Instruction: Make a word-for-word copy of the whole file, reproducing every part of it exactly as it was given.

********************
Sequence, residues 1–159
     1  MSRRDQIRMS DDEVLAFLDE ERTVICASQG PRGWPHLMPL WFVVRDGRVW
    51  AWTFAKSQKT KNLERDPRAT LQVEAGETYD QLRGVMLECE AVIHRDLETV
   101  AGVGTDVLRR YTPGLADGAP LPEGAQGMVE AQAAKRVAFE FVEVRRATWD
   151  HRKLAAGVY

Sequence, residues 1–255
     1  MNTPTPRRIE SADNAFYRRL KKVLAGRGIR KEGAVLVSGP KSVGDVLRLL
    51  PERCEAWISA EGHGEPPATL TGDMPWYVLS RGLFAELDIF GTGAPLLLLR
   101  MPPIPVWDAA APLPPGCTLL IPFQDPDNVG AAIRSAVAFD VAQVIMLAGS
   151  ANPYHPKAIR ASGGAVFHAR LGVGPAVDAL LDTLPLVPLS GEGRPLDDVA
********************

Sequence, residues 1–159
     1  MSRRDQIRMS DDEVLAFLDE ERTVICASQG PRGWPHLMPL WFVVRDGRVW
    51  AWTFAKSQKT KNLERDPRAT LQVEAGETYD QLRGVMLECE AVIHRDLETV
   101  AGVGTDVLRR YTPGLADGAP LPEGAQGMVE AQAAKRVAFE FVEVRRATWD
   151  HRKLAAGVY

Sequence, residues 1–255
     1  MNTPTPRRIE SADNAFYRRL KKVLAGRGIR KEGAVLVSGP KSVGDVLRLL
    51  PERCEAWISA EGHGEPPATL TGDMPWYVLS RGLFAELDIF GTGAPLLLLR
   101  MPPIPVWDAA APLPPGCTLL IPFQDPDNVG AAIRSAVAFD VAQVIMLAGS
   151  ANPYHPKAIR ASGGAVFHAR LGVGPAVDAL LDTLPLVPLS GEGRPLDDVA